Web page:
The Great Macabre

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June 2024 Next
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György Ligeti’s Le Grand Macabre will be staged in Czech premiere. The one and only opera written by the Hungarian-Austrian composer, a major representative of the 20th-century avant-garde, is a truly remarkable work, one that in many a respect surpasses that which is commonly expected from a piece of this genre. Loosely based on the Belgian dramatist Michel de Ghelderode’s play La balade du grand macabre, Ligeti provocatively branded it “anti-anti-opera”. Le Grand Macabre presents an extremely bizarre apocalyptic vision of a world gone mad, teeming with characters of such telling names as Nekrotzar, Piet The Pot, Clitoria, Spermando … Ligeti’s spectacular operatic fresco, set in a fictitious city bearing an equally telling name, Breughelland, not only shocks by featuring harsh, spine-chilling and perverse images, it is also striking in terms of the score, with the musical idiom encompassing conventional instruments, but also giving scope to a large variety of entirely unprecedented sounds, produced by car-horns, electric doorbells, a sledgehammer, an alarm clock, paper bags, a tray full of crockery, a saucepan, a pistol and other items.

 

Le Grand Macabre received its world premiere in Stockholm in 1978. Later on, Ligeti made considerable revisions to the opera for a production at the Salzburger Festspiele in 1997.

Program and cast

Conductor: Jiří Rožeň

Piet the Pot: Thor Inge Falch

Amanda: Magdaléna Hebousse

Nekrotzar: Marcus Jupither

Astradamors: Ivo Hrachovec

Mescalina: Victoria Khoroshunova

Venus: Eir Inderhaug

Chief of Gepopo: Eir Inderhaug

Princ Go-Go: David DQ Lee

The White Minister: Benjamín Hájek

The Black Minister: Michal Marhold

Ruffiack: Martin Kreuz; Dalibor Pavelka

Schobiack: Pavel Borek; Andrey Styrkul

Schabernack: Tomáš Bartůněk; Vít Palacký

 

State Opera Chorus
State Opera Orchestra
National Theatre Opera Ballet
The boys choir Pueri gaudentes

 

Creative team

Stage director, Sets and Costumes - Nigel Lowery

Light design - Lothar Baumgarten

Video design - Lukáš Panoch

Chorus master - Adolf Melichar

Dramaturgy - Ondřej Hučín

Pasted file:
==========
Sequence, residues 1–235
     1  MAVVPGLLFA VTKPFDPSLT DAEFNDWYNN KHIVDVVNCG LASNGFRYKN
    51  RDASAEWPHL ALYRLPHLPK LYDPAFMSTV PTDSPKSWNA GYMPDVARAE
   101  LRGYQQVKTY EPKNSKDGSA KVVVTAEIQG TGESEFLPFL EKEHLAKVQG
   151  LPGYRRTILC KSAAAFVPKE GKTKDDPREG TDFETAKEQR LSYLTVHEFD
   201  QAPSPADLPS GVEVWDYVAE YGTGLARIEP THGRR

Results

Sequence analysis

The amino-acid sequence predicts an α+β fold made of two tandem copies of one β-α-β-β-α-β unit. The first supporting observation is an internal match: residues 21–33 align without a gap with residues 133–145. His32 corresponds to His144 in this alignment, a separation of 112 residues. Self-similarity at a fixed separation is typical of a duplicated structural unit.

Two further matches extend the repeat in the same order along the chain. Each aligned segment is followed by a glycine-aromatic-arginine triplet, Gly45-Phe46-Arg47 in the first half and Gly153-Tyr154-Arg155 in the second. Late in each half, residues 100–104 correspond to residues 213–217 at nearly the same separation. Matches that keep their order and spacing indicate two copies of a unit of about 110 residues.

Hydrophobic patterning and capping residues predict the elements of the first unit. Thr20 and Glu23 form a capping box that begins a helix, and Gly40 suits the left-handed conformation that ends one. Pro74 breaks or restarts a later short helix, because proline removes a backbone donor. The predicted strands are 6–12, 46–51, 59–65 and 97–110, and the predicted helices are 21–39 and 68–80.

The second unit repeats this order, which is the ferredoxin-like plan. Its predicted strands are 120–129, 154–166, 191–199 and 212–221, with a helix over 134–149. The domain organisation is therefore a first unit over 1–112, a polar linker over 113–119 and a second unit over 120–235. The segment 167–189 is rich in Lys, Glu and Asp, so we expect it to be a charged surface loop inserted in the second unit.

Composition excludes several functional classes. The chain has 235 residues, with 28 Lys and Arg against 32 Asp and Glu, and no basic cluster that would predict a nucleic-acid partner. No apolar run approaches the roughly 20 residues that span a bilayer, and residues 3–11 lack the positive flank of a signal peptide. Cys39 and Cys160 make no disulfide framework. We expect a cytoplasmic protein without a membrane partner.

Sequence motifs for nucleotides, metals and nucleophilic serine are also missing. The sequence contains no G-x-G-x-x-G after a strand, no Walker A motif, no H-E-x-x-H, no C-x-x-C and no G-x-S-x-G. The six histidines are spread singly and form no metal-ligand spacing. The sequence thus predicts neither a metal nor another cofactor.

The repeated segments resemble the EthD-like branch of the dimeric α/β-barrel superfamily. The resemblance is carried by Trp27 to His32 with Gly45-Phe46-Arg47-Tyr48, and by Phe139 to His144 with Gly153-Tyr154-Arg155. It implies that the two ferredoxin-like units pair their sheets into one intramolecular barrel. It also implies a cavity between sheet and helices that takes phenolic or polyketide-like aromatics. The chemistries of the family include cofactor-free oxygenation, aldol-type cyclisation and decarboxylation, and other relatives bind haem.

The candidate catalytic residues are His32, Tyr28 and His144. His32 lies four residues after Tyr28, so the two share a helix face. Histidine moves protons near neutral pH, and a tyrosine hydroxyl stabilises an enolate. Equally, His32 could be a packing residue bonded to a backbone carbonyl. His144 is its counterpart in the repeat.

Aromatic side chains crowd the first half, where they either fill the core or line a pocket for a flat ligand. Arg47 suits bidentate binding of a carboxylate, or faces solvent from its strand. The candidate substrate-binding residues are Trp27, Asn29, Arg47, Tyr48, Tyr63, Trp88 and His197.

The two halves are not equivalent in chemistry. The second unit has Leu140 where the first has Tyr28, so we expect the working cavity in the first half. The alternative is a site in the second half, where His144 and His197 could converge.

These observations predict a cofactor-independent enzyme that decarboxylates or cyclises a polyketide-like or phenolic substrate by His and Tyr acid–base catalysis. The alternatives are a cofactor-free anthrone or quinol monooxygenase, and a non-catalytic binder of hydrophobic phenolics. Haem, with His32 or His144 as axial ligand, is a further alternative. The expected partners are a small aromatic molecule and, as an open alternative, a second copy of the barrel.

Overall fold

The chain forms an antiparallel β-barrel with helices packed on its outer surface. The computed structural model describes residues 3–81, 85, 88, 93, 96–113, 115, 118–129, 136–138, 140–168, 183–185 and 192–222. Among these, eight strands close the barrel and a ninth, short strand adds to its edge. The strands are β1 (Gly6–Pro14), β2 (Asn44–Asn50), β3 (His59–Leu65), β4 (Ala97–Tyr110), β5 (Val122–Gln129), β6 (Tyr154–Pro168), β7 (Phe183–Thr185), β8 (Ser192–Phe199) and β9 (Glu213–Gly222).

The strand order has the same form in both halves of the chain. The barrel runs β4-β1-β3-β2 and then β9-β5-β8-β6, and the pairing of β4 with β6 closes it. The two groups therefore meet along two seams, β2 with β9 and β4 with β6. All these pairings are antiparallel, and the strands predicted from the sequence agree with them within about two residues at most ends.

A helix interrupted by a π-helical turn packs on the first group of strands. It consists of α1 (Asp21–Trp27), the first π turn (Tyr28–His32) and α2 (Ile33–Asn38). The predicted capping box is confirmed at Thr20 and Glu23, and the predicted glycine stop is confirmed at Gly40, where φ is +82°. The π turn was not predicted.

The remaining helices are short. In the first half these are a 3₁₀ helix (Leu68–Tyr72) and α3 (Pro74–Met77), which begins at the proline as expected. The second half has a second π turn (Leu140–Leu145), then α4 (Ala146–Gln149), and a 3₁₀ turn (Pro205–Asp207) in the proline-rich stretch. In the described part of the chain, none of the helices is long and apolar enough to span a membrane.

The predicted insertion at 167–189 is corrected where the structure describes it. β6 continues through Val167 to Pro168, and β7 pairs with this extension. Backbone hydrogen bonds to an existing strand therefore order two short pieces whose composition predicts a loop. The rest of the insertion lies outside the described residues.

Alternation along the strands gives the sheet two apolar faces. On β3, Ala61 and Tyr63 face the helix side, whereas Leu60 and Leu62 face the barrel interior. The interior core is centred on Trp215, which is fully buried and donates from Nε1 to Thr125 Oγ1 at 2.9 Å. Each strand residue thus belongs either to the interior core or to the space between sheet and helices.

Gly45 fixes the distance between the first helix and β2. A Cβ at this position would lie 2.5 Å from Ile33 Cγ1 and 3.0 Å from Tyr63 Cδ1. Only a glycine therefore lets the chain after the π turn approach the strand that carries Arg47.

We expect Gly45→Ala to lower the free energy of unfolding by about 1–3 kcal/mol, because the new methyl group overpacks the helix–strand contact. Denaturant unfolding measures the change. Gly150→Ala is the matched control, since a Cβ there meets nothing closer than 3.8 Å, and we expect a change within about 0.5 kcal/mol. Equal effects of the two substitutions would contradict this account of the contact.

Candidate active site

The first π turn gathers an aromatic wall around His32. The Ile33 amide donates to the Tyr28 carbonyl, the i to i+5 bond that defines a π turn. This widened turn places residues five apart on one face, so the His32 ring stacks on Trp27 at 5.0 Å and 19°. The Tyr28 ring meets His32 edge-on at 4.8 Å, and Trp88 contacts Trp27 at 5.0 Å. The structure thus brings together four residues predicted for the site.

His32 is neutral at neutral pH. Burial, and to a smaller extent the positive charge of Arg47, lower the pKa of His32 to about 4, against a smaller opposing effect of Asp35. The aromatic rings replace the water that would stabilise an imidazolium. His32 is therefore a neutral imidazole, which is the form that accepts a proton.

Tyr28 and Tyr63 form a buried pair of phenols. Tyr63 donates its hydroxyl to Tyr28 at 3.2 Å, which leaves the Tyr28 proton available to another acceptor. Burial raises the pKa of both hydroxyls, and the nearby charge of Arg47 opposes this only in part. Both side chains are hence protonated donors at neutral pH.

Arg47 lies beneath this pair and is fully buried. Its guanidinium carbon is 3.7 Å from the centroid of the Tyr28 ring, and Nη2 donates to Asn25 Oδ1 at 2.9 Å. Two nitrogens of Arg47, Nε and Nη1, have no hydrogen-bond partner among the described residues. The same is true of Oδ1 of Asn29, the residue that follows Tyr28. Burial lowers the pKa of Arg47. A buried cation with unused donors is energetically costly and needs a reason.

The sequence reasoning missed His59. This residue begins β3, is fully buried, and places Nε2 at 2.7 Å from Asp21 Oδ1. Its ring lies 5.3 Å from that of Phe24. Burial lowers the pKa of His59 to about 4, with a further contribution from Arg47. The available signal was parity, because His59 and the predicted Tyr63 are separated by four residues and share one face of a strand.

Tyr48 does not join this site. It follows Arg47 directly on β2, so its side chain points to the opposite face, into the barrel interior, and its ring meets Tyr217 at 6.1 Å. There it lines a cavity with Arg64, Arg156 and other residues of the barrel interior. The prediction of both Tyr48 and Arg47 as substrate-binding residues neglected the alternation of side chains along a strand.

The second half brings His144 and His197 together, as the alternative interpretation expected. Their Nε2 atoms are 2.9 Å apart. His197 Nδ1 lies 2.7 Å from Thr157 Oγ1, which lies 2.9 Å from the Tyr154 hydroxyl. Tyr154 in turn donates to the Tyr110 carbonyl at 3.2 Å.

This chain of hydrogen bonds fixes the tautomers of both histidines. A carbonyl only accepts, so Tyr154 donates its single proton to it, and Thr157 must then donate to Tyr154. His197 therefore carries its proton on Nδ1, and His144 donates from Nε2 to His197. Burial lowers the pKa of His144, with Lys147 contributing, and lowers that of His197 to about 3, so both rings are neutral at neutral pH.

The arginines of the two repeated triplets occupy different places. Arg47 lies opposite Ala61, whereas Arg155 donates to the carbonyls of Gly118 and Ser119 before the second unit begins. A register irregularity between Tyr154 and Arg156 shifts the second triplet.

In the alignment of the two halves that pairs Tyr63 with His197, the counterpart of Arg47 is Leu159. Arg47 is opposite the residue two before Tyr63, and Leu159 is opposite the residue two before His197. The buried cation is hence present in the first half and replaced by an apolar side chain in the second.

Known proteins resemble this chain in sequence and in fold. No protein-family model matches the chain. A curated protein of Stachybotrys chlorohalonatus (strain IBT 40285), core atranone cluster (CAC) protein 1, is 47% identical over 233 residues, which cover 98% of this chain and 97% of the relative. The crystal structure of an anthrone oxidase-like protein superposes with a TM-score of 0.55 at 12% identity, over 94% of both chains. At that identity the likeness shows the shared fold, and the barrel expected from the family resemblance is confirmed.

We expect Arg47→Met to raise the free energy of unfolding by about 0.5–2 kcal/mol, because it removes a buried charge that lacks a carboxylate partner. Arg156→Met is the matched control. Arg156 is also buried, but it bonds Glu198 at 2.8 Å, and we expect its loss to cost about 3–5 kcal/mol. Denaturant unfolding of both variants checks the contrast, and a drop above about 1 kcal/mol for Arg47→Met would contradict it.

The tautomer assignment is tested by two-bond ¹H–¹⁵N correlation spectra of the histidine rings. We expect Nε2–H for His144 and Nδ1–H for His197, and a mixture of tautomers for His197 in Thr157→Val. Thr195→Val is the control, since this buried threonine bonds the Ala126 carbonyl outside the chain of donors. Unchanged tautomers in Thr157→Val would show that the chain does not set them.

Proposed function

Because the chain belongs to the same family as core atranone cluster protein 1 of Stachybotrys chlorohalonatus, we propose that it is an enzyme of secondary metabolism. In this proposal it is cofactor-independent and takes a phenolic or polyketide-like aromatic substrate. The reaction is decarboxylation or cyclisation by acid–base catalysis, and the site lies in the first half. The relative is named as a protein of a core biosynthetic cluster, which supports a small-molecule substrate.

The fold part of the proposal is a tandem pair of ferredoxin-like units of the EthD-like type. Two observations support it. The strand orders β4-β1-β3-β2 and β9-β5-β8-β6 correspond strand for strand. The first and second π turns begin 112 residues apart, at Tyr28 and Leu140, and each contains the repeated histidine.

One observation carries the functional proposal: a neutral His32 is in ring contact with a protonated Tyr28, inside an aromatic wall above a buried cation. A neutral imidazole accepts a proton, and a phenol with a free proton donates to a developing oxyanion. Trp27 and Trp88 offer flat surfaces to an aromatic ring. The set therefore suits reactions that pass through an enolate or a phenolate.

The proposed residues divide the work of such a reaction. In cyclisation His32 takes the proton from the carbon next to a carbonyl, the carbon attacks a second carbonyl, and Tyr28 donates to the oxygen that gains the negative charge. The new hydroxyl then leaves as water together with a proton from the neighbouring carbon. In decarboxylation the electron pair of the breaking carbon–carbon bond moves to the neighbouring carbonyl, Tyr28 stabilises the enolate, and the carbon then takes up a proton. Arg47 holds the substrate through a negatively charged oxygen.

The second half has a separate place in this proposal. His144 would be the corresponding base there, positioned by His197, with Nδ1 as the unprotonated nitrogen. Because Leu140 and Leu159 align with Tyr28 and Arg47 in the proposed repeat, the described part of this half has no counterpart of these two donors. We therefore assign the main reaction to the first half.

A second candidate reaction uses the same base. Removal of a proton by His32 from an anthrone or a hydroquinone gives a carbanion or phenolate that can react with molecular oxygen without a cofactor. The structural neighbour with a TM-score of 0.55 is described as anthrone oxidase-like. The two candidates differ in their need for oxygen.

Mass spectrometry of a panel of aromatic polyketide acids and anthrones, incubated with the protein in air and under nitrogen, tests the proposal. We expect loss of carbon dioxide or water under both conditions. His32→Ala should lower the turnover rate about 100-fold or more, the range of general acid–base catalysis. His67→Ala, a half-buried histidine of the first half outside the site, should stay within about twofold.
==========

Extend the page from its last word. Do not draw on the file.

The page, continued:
Approximate running time

1 hour 40 minutes, no intermission

Language

In English, surtitles in Czech, English

Prague State Opera

The State Opera today

 

The State Opera (formerly the State Opera Prague, between 1948 and 1992 the Smetana Theatre, and originally the New German Theatre) has been a part of the National Theatre since 2012. The Opera and Ballet ensembles give repertory performances at the State Opera.

 

History

 

The Prague State Opera resides in the building which on January 5, 1888 was opened as a Prague German stage with the performance of Wagner’s opera, The Mastersingers of Nürnberg. In the 19th century, Prague Germans performed in the Estate’s Theater in alternation with a Czech company. Desire for their own theater led to negotiations in 1883 for the construction of a new theater building for the German Theater Association. Over the next three years, a blueprint was drawn up and handed over to the Vienna atelier of Fellner and Hellmer. Also sharing in the design was the architect of the Vienna Municipal Theater, Karl Hasenauer, while Prague architect Alfons Wertmüller took part in the construction. Financing came from private collections. With its spacious auditorium and neo-Rococo decoration, this theater building is among the most beautiful in Europe.

 

Access:

 

By car

On Wilsonova street, from the left lane close to the State Opera building take the slip road to the Slovan above-ground garage. The parking fee is 40 CZK/h.

 

By tram

 

By daytime tram No. 11 to the stop “Muzeum”, through the underpass beneath Legerova street in the direction of the NationalMuseum, at the crossroads turn right along the NewBuilding of the NationalMuseum.

 

By daytime trams Nos. 3, 9, 14 and 24 or night trams Nos. 51, 52, 54, 55, 56 and 58 to the stop “Václavské náměstí”, then by foot uphill on the left side of the Wenceslas Square to the traffic lights across Wilsonova and Vinohradská streets. Then turn left along the NewBuilding of the NationalMuseum.

 

By metro

To the “Muzeum” station, lines A and C (green and red), and then by foot along the NewBuilding of the NationalMuseum.

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